Throughout history most countries have driven on the left side of the road in accordance with left-side laws kept by each country. In fact, there is evidence of left-side driving as far back as the Roman Empire. The left-side driving rules even extended deep into the Middle Ages in Europe where drivers kept to the left so that they could easily reach for their weapons or extend a friendly hand to any passerby on the other side as needed. So how did some countries begin driving and travelling by the right side of the road?
During the 1700s, in the United States and France, drivers began using the right side of the road for all travel whether by horseback, carts, or any other means. At this time there were no laws for driving right, but both teams were possibly forced to switch driving sides and become right-based due to large wagons that were driven at the time. These wagons were hitched to teams of horses and the driver sat on the back left-hand horse. Some people believe it was easier for drivers to steer their horses if they kept them to the right, while others say that due to the large size of the horse teams and wagons it was easier to see whether or not you were too close to others if they drove on your left side and you stayed on the right.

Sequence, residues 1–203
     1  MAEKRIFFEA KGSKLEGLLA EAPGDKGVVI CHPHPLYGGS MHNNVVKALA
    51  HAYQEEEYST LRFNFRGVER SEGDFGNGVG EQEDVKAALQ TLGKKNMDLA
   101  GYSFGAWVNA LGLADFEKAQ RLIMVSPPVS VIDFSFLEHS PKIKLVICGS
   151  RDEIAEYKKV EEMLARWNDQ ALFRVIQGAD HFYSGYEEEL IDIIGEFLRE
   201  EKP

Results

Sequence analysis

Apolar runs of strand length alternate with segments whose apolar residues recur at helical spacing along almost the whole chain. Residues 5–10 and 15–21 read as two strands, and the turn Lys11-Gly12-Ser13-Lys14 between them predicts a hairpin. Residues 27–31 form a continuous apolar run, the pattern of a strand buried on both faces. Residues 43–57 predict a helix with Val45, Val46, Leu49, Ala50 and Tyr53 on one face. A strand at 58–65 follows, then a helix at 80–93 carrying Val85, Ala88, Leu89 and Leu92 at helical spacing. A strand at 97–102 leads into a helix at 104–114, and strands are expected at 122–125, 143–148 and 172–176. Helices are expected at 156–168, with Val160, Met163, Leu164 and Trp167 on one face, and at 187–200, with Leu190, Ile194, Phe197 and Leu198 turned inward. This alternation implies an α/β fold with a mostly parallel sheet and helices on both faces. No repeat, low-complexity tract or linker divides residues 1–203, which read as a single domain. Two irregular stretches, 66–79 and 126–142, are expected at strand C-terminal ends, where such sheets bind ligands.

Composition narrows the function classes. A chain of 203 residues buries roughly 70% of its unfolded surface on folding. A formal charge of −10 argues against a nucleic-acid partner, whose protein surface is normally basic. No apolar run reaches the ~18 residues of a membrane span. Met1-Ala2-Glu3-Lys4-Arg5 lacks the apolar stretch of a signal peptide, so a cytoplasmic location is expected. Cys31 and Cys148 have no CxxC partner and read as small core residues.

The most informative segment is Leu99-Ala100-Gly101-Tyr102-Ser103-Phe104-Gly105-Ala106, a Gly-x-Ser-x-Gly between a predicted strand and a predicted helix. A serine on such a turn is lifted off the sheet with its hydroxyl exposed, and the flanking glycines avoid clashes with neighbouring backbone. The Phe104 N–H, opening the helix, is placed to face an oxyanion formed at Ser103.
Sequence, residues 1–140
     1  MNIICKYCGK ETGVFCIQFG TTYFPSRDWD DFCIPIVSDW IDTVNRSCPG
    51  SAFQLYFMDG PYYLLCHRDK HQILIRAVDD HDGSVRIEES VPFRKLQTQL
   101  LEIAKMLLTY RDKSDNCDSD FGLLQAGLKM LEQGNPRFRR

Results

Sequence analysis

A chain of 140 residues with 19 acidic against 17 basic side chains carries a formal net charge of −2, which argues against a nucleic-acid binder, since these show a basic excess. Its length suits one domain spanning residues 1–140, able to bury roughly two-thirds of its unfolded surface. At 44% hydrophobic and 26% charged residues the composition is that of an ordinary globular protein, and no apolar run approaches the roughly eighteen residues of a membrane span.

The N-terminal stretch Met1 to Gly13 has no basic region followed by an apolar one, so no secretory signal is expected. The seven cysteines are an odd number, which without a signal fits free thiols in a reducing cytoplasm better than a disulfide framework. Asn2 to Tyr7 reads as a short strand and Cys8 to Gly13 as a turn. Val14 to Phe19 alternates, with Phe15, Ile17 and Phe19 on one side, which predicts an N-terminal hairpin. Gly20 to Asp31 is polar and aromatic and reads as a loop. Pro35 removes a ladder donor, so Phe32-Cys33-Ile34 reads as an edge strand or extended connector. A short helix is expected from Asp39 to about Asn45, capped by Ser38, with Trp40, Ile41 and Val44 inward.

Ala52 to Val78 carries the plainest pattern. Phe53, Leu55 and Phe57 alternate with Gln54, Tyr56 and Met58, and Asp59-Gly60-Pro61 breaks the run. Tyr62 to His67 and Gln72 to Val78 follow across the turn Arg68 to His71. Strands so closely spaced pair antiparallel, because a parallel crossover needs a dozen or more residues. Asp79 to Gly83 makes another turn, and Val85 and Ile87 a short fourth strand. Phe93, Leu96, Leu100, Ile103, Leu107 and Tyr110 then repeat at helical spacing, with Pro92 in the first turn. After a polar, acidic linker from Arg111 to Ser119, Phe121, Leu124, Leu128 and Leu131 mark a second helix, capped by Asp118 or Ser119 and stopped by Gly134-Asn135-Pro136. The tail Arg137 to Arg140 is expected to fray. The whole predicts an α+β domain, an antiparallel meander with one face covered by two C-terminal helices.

By the 1800s right-side driving was passed as a law in the United States and up through Canada. At the same time, although France had once again started adopting left-side driving, Napoleon quickly declared laws for right-side driving and spread them in the countries he conquered such as Germany, Italy, and Spain. Countries that were not conquered such as England, Russia, and Portugal chose to stay left-side driving.
After World War I even more countries began making the switch to becoming right-side driving, but countries such as England and India have largely resisted. This is why today most countries throughout the world drive on their right-sides, but there are still some countries that drive on their left-side.